Custom toy franchise, Build-A-Bear Workshop Australia, has agreed to a Deed of Company Arrangement (DOCA) effectively keeping the business afloat after being placed into voluntary administration in March, according to a media report.

The DOCA will save more than 200 jobs, keep a number of stores open, and deals with numerous creditors including the Australian Taxation Office, American Express, and employees. The company cited increased operating costs, wages and rent, and decreasing shopping centre foot traffic as key challenges for the business and ‘unusual challenges’ including Brexit and GDPR laws as additional issues at the time of the administration.

Government announces Franchise Task Force

A task force to consider the feasibility and implementation of many of the recent Franchise Inquiry’s recommendations has been established, according to a media report.

The inter-agency task force will be co-chaired by the Department of Jobs and Small Business and the Treasury Department and include other government agencies such as the Australian Competition and Consumer Commission (ACCC), the Department of Industry, Innovation and Science, and the Department of Environment and Energy as needed.

The announcement of the creation of the task force by Federal Small Business Minister Michaelia Cash comes as a surprise, as the government was in caretaker mode in the lead-up to the election, however may be seen as a response to a commitment by the Opposition that it would create the task force as a matter of priority if it wins government.

The final report of the recent Franchise Inquiry made 71 recommendations, nearly a third of which are to be referred to the task force for more detailed consideration.

Details as to the frames of reference, degree of industry consultation, or reporting timeframe for the task force have not been disclosed at this stage.

Court finds marketing funds not held in trust

A Victorian Supreme Court judgement has found that marketing funds are not held in trust on behalf of franchisees and are available for distribution to secured creditors in the event of a franchisor’s insolvency.

The decision was prompted by legal action instigated by the administrators of a company linked to grocery home-delivery franchise Aussie Farmers Direct, which collapsed in early 2018 with almost $800,000 left in its marketing fund.

The court decision is a blow to the former franchisees of Aussie Farmers but clarifies a grey issue which also became the subject of one of the recommendations of the recent Franchise Inquiry.

RFG ignores purchase offer despite dire straits

An offer to purchase listed multi-brand franchisor Retail Food Group (RFG) has been ignored as the company continues to struggle under a massive debt burden in a toughening retail market and a failed attempt to sell some of its brands, according to a media report.

The Australian Financial Review reports that former Eagle Boys Pizza CEO and founder Tom Potter had organised funding for an offer to buy Retail Food Group but has been rebuffed in his attempts to contact the company last year and again as recently as last month.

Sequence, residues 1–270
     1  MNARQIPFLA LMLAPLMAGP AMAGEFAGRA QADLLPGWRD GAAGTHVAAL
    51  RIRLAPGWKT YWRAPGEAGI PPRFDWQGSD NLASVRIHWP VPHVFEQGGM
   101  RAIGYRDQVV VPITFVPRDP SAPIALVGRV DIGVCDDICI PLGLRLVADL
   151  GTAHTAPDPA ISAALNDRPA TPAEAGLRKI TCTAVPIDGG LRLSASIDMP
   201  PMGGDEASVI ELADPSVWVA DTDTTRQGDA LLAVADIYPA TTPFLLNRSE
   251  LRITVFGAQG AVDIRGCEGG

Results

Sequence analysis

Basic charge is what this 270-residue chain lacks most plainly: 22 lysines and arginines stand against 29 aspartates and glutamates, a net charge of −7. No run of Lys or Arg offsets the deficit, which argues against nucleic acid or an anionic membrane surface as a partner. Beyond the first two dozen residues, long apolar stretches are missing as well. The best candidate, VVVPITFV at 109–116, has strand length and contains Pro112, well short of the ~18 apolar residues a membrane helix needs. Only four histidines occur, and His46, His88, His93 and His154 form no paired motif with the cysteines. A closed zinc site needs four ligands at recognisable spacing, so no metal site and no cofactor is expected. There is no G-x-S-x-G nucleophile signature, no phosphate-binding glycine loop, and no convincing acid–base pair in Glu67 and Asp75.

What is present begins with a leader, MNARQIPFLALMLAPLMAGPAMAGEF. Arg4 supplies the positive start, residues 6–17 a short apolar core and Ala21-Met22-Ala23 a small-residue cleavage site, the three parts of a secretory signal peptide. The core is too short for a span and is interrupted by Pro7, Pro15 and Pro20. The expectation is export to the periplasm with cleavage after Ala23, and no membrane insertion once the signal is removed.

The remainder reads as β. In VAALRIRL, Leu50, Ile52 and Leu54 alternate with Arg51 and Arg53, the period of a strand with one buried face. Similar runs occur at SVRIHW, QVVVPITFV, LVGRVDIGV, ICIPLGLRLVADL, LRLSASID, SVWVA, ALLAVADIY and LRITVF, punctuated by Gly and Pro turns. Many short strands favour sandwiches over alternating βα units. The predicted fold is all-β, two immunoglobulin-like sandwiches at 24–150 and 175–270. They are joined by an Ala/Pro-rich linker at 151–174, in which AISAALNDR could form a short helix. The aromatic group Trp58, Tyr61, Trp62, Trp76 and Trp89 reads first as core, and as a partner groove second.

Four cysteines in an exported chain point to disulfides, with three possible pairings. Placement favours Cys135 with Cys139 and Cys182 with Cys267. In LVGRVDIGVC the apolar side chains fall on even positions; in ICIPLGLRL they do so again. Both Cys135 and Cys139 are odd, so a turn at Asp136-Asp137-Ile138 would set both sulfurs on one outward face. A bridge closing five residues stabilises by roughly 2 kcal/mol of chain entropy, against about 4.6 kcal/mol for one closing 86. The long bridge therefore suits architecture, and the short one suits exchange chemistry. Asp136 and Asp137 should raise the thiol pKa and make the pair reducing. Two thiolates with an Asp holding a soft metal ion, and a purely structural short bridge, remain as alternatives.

However, the company has denied receiving any communication from Potter. RFG recently announced that plans to sell its Donut King and pizza brands had collapsed after a binding agreement with an interested party could not be reached. The company currently owes about $260 million but continues to trade after renegotiating its debt covenants with its financiers. 

Domino's Australia to acquire Danish operations

Listed food franchise Domino’s Pizza Australia will pay nearly $4 million for 30 company-owned stores and other assets of Danish franchise, Domino’s Pizza Scandinavia, according to a media report.

The deal will reportedly be completed by June 2019, and while Denmark is currently a small market Domino’s estimates it could support up to 150 stores.

Real estate agencies merge for national coverage

Sydney-based Belle Property has merged with Melbourne-based Hocking Stuart in a union of real estate agencies which creates a ‘pure national agency’ similar to competitors, Ray White and LJ Hooker, according to a media report.

While the two companies will operate as a single entity, each will keep their individual names and no franchises will be rebranded or altered. The franchise model will also remain unchanged.

Mexican investor takes control of listed NZ fast food group

Mexican investment fund manager, Finaccess Capital, has secured a 75 per cent share of listed New Zealand franchise group Restaurant Brands, according to a media report.

The deal closed in late March with Finaccess paying NZD$9.45 cash per share to acquire control of the company. Restaurant Brands, which will remain a public company, operates the New Zealand outlets of KFC, Pizza Hut, Carl’s Jr., and Starbucks, and a number of KFCs internationally.

www.franchiseadvice.com.au